Here’s why I love selling ROI-oriented products…
When you’re selling something that will help the client make money, the price is completely disconnected from the actual cost of goods sold.
Take copywriting, for example. If I’m creating an ad campaign for a client, it doesn’t matter how many hours go into it. What matters is the results. If it generates $1 million, it doesn’t matter if I spent 50 or 500 hours doing it. What matters is the value created for the client, which is that $1 million. And that drives the fee I can charge.
Likewise, let’s say I’m selling lead generation services. If I’m selling lead generation services to someone who mows lawns, let’s say their average house is $20/week. And that’s good for about 30 weeks per year. Which means each new client is worth $600 per year. Not too shabby.
But let’s say it takes the same amount of work to sell lead generation services to a business whose average client value is $10,000 each year. And they’re capable of handling the same volume of work. The same amount of work is worth over 16-times as much to this client. Which means my fees can justifiably be bigger for the same amount of work.
There’s a business in town here that does interior refurbishment of private jets. Let’s say you own a $2 million aircraft, but the interior is feeling dated and a little shabby. You might pay $450,000 or more to have the cabin gutted and refurnished to your specifications. What’s the value of that lead to a business like that?
When you can point to VALUE, the work deliverable becomes secondary…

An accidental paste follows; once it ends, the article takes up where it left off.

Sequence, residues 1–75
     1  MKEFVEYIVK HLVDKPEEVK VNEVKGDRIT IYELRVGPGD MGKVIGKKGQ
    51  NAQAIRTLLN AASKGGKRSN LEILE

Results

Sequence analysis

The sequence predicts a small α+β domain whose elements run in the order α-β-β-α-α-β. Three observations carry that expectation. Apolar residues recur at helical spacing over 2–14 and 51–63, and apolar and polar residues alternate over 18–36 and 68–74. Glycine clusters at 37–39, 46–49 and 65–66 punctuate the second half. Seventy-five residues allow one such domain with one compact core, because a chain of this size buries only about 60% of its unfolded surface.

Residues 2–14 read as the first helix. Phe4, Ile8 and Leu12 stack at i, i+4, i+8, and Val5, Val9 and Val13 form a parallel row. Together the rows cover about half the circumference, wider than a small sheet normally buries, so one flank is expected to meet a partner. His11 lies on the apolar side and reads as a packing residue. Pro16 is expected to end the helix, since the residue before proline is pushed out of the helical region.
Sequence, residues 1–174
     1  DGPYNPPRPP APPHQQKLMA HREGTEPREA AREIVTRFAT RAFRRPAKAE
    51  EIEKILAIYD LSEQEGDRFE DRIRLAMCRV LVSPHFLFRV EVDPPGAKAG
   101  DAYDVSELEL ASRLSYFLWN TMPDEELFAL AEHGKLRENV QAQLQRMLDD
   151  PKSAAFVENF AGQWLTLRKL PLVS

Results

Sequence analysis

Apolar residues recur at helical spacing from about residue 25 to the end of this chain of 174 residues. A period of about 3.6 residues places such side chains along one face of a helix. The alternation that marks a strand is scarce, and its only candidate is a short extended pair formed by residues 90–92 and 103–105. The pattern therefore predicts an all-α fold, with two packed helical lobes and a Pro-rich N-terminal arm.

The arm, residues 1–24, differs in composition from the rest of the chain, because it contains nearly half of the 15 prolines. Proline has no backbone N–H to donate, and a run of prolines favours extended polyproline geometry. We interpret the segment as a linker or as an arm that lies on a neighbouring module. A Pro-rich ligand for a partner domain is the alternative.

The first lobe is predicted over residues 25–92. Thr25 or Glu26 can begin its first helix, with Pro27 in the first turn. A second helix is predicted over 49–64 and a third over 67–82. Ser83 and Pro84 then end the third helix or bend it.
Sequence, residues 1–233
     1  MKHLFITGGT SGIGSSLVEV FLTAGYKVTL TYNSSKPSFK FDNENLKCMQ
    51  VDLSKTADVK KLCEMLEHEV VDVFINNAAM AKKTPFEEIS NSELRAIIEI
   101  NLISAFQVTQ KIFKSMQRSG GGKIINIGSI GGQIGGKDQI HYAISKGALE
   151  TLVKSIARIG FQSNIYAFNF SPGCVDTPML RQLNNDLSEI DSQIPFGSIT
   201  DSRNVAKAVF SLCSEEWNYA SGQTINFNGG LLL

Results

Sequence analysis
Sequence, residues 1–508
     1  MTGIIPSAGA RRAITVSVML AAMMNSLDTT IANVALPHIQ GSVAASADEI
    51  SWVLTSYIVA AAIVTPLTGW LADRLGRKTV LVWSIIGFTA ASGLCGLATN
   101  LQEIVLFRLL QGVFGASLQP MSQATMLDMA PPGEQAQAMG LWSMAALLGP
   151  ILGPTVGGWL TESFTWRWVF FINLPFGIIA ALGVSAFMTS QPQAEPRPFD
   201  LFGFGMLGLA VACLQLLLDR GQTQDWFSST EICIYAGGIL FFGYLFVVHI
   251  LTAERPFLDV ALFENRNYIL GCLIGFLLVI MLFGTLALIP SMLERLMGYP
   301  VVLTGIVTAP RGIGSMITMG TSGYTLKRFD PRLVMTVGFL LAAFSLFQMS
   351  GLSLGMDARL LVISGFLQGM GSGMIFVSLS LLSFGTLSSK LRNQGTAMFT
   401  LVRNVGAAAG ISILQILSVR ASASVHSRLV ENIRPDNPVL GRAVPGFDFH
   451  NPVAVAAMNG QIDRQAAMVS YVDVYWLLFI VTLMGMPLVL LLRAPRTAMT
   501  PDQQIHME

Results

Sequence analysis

And this is a HUGE secret to selling any service that either generates measurable revenue increases or cost savings.
You’re essentially selling money at a discount.
And if you do sell that way, cost justification becomes immensely easier.
Let’s say, for example, that I am selling an investment newsletter. The editor of the newsletter has picked multiple stocks that have taken off to deliver gains of 200%, 300%, or more.
And the current stock they’re recommending has all the potential of any one of those gains, if not more.
Do the math. If you invest just $1,000 in a stock that delivers 200% gains, that’s $2,000 in total profits, on that one recommendation. A $5,000 would turn into $15,000 — for $10,000 take-home profits.
What is that one recommendation worth? Some would pay $5,000 to put a $5,000 investment in that stock. Others would be more than happy to get the recommendation for $1,000, to invest $1,000. But what if you got this recommendation as part of a risk-free trial of your first year’s subscription, for just $49?
I slipped into copy there, but you get the point.
When the ROI is potentially that high, it’s really easy to justify what is, in terms of deliverables, little more than you’re getting for free as part of this daily newsletter.
After all, what are most investment newsletters besides some emails and a website containing some information? There are millions of free websites and email lists. But if the ROI is there, it’s worth paying $49 for. And, for other services, as much as $999 or even more.
This breaks all the rules of retail…
If you’re selling products in a retail channel, you’ll quickly learn some formulas.
For example, in a lot of retail, the markup is 100% — or 2X. You take the actual cost of goods sold, and you sell it for twice that.